Researchers from Brazil and the United States will attend two symposia between March 28, 2016 and April 1, 2016 at the University of Michigan (UM) and Ohio State University (OSU) to present and discuss scientific cooperation between the two countries in research projects on Genomics, Environment and Sustainability, Human Health, Engineering, Agriculture and Water, Bioinformatics, New Materials, and Law and Social Justice.
The meetings are part of FAPESP Week 2016, organized by the Foundation in partnership with the two US universities, with support from the Woodrow Wilson International Center for Scholars in Washington, DC.
"FAPESP values the research collaboration between scientists in the State of São Paulo, Brazil, and colleagues at the University of Michigan and at Ohio State University. Collaborations cover a broad range of scientific fields. The FAPESP Week symposia to be hosted at UM and OSU aims at creating more visibility and opportunities for research collaboration", said Scientific Director of FAPESP Carlos Henrique de Brito Cruz.
The symposium held at the University of Michigan on March 28-29 will open with a presentation on FAPESP's international scientific cooperation strategy by Brito Cruz.
In the session on Environment, Governance and Sustainability, Maria Carmen Lemos, a researcher at UM, and Gabriela Di Giulio, a researcher at the University of São Paulo's Public Health School (FSP-USP), will present the findings of a collaborative project on risk perception and adaptation to climate change at the local level influenced by factors such as rising community vulnerability, changes in land use, urbanization, and pollution.
On the same day, a session on Genetics and Genomics focusing on the identification of disease-causing genes will feature presentations by UM's Brian Byrd about treatment-resistant hypertension and personalized medicine, and Nils Walter from the same institution about the role of RNA molecules in cellular processes and disease prevention.
Presentations on Health will focus on the results of research into a cure for ataxia and advances in medical research on rehabilitation and spinal marrow injuries. In the same session, Professor Iscia Lopes-Cendes, creator of the Brazilian Initiative on Precision Medicine (BIPMed), Latin America's first public human genome database, will speak about this project.
On March 31, 2016 and April 1, 2016 FAPESP Week 2016 at Ohio State University will feature a series of presentations about political decision-making processes based on scientific information, agriculture and water, bioinformatics and data analysis, new materials, and Medicine and Health.
José Marengo, a researcher at the Natural Disaster Surveillance & Early Warning Center (CEMADEN) and the National Space Research Center (INPE), will present the findings of an international study led by him on the rise in sea levels caused by climate change in Santos on the coast of São Paulo State (Brazil), Broward County in Florida (USA), and Selsey on the Sussex coast of England (UK).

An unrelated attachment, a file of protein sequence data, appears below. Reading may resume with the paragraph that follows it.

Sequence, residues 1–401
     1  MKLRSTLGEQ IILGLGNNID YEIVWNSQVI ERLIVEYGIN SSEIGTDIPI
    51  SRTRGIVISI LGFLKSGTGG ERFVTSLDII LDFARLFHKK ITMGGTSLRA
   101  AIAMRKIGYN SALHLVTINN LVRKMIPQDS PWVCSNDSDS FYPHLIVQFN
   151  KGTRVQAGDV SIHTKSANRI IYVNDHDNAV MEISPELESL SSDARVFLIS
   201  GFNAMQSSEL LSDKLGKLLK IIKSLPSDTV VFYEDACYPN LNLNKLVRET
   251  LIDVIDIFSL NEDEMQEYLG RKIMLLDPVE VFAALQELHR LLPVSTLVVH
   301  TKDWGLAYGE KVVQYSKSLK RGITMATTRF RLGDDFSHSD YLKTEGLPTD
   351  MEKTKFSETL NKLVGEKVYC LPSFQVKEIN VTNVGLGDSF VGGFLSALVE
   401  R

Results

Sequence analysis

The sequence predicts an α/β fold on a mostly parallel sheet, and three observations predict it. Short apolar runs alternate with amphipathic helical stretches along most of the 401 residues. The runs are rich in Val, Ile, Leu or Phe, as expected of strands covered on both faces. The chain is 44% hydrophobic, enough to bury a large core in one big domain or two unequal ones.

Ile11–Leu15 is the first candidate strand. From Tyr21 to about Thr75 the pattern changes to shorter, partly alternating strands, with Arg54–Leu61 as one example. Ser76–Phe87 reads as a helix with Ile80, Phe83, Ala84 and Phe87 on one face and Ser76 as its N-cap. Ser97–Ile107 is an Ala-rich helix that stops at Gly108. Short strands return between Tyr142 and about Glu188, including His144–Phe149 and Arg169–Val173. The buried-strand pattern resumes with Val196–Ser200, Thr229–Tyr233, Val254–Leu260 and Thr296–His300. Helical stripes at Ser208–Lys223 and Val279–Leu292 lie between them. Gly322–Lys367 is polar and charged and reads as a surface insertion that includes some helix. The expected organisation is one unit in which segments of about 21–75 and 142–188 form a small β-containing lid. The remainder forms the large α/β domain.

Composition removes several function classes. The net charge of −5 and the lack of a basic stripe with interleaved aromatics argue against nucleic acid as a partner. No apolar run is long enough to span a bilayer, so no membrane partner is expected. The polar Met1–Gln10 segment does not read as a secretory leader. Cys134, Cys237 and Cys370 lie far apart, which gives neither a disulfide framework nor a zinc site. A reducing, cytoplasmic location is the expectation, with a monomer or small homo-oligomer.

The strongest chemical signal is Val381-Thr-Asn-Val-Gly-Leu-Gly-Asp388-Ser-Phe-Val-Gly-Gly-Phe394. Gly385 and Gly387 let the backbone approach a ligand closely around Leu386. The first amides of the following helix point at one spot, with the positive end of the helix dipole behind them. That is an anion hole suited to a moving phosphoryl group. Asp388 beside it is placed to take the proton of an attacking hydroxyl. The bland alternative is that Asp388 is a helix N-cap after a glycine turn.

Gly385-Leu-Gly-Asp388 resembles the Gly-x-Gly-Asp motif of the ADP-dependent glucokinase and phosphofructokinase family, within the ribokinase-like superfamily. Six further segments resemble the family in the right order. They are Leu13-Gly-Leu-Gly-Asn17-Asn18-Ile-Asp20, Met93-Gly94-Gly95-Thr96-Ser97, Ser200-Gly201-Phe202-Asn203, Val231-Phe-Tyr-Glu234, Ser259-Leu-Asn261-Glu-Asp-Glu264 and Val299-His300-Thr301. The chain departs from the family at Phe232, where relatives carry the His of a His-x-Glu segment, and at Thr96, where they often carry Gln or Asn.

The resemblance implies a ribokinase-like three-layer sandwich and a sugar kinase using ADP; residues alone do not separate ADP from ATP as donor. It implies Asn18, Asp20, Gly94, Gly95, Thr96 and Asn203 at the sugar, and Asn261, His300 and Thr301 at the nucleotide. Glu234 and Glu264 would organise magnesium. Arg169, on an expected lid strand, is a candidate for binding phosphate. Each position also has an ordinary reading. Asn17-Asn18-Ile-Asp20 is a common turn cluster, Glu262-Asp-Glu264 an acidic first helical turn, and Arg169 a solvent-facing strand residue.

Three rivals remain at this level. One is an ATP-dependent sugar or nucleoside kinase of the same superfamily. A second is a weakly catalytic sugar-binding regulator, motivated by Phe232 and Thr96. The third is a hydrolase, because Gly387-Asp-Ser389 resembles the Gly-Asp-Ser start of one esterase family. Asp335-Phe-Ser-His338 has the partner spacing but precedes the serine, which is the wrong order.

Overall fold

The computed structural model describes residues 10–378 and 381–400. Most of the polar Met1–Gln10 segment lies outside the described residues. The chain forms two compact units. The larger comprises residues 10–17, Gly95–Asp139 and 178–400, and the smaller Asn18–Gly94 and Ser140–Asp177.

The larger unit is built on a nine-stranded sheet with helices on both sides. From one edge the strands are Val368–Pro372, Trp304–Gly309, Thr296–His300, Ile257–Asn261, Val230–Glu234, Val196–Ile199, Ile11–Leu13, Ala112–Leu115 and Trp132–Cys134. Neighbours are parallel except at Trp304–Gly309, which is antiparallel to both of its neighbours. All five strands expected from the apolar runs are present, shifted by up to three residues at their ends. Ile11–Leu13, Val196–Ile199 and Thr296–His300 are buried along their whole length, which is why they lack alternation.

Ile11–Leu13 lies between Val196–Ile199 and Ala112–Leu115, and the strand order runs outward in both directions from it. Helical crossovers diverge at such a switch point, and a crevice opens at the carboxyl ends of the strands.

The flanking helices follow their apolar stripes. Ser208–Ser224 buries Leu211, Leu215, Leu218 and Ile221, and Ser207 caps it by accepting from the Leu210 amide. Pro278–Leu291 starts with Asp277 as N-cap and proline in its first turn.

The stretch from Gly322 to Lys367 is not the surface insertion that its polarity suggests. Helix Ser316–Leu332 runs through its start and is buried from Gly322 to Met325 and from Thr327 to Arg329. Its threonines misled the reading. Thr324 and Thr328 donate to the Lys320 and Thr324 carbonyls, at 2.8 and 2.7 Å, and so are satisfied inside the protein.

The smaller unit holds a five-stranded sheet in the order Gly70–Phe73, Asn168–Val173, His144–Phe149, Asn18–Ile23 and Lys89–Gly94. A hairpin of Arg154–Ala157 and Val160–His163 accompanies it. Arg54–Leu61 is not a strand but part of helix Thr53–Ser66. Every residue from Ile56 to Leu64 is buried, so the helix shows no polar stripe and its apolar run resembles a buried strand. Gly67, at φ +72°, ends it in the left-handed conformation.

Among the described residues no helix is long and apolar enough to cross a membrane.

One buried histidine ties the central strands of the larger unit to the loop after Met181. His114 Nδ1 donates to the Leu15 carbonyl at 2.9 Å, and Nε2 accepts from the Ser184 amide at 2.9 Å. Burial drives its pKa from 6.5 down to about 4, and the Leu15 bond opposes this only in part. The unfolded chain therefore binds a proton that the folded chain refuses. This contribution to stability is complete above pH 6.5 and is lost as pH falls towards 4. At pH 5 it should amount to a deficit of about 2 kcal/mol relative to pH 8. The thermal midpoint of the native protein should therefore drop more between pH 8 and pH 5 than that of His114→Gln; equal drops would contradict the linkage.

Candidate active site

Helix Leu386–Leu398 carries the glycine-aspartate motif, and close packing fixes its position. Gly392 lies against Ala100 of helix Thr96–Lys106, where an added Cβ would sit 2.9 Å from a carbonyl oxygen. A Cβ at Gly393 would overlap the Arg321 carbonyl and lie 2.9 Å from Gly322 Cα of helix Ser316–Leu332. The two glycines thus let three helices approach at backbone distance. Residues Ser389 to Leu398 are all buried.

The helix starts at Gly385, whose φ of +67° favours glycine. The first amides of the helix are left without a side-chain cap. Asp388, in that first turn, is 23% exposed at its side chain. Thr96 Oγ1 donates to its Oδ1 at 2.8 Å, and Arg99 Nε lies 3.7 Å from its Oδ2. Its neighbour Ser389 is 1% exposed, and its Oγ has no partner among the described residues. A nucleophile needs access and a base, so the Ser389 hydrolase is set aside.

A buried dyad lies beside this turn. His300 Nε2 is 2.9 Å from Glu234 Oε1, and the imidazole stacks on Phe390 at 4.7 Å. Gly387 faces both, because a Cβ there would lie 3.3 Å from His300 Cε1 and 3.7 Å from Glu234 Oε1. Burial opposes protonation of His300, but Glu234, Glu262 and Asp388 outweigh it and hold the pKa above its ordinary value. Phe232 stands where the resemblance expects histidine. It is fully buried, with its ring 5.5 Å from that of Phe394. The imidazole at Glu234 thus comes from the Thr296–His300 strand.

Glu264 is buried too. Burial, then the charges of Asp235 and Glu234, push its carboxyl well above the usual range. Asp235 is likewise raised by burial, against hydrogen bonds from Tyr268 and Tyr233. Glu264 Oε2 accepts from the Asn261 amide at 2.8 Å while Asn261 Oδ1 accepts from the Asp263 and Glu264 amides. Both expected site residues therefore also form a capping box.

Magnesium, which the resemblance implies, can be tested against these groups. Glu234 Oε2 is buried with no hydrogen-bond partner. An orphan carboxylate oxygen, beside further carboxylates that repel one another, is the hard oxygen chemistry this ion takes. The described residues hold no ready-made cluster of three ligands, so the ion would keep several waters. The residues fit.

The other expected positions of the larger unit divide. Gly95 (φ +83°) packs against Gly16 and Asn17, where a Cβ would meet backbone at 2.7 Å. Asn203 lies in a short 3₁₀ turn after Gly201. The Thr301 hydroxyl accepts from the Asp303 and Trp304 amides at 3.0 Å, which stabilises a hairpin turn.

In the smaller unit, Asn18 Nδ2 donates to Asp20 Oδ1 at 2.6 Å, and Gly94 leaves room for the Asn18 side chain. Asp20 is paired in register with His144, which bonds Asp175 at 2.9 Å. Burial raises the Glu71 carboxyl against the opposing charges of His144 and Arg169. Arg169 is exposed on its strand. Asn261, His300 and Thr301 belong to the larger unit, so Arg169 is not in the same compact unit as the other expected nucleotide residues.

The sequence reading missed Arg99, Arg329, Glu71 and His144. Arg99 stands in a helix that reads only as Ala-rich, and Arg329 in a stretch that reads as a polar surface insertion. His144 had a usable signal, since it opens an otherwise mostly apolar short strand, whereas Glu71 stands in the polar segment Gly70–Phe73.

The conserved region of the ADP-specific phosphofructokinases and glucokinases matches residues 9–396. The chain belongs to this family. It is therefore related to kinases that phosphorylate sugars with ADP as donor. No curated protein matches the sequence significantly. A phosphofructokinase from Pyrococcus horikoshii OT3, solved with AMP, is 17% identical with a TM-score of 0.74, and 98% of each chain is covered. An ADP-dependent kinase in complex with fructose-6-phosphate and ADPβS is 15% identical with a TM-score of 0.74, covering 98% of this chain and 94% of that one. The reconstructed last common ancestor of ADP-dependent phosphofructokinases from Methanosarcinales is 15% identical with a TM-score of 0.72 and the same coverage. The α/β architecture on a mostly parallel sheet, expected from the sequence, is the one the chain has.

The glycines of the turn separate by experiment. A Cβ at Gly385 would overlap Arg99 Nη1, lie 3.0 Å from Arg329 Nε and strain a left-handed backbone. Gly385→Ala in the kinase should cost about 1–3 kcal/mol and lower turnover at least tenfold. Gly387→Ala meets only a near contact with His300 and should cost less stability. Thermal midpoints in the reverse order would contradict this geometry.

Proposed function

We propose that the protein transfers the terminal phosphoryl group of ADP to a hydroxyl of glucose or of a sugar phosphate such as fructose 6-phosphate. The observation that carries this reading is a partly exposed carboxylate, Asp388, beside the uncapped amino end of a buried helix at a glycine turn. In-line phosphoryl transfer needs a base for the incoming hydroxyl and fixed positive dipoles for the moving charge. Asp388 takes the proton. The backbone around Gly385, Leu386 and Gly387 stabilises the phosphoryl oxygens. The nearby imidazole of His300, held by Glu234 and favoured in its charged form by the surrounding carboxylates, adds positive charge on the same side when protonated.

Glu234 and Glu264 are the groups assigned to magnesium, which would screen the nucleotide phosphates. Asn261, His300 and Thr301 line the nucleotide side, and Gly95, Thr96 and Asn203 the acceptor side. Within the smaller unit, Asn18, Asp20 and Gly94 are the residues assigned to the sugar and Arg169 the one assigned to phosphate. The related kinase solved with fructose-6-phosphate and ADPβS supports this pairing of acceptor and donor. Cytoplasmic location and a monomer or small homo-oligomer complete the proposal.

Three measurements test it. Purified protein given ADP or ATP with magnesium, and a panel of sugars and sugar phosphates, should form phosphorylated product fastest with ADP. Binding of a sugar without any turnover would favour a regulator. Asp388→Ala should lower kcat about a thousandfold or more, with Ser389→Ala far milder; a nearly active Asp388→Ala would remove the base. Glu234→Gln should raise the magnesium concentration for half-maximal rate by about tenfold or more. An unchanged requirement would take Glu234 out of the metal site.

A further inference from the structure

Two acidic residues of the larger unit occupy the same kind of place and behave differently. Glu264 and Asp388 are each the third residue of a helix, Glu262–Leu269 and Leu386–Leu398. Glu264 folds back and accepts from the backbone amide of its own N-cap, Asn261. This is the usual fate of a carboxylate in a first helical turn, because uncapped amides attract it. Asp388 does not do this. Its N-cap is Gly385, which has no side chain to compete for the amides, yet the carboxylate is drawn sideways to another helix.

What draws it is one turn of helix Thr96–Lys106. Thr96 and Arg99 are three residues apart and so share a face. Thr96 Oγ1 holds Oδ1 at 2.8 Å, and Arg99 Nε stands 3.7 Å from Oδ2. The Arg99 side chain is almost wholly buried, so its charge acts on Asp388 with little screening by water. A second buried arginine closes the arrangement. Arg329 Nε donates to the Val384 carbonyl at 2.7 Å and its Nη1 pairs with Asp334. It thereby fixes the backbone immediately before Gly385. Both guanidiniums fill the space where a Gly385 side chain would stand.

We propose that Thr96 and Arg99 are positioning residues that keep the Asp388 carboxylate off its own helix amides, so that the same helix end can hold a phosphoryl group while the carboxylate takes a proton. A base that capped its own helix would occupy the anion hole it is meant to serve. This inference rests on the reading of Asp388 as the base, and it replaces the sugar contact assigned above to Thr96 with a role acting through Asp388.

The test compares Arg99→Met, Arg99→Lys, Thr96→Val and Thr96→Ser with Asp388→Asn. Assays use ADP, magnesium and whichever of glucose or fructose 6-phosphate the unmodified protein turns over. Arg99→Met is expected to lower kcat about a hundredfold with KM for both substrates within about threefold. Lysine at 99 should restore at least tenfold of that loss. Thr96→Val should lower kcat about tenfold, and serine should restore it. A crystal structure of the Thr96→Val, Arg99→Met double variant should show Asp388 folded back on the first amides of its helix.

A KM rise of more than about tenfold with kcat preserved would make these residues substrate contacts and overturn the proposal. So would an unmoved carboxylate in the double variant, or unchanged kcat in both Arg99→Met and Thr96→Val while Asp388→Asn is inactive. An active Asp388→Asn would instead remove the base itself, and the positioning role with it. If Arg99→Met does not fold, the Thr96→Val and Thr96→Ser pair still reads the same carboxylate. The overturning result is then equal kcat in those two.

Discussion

In Agriculture and Water, presentations will address the use of ultrasound as a pollution control technology, precision agriculture, the role of universities in evaluating sustainability, and challenges in research on the natural variability of water supply, growth in demand for water, and sustainable water use.
The session on Medicine and Health will feature a presentation by OSU's Sudha Agarwal, who is conducting research with the university's support on the response of osteoarthritis biomarkers after a rehabilitation program, in collaboration with Mario Ferretti Filho from the Albert Einstein Jewish Education & Research Institute (IIEP-SBIBAE) in São Paulo.
Scientific cooperation with the United States
Besides supporting spontaneous collaboration between Brazilian and US researchers, FAPESP has scientific and technological cooperation agreements with US institutions to guarantee mechanisms and increase these exchanges.
FAPESP has agreements with nine research-funding agencies, 22 universities and other higher education and research institutions, and three companies in the US. The number of projects supported under these agreements since the start of the 2000s now totals 224.
Some R$31.6 million is currently allocated by FAPESP (which has disbursed R$16.4 million) to fund 59 ongoing projects developed jointly by Brazilian and US researchers supported by the National Science Foundation (NSF), the National Institutes of Health (NIH), the Department of Energy, Microsoft, the University of Michigan and and the Massachusetts Institute of Technology (MIT), among others.
Founded in 1962, the São Paulo State Research Foundation (FAPESP) is one of Brazil's most important science and technology funding agencies. Maintained by the transfer of 1% of the state's tax revenue, FAPESP selects and supports research projects submitted by scientists affiliated with higher education and research institutions in São Paulo State in all knowledge areas - sciences, technology and engineering, as well as the arts and humanities.
Projects are selected by peer review based on assessments by Brazilian and foreign researchers not associated with FAPESP. In 2015 FAPESP disbursed R$1.2 billion, equivalent to $ 629 million in purchasing power parity (PPP), to fund scientific and technological research projects. For more information, visit http://www.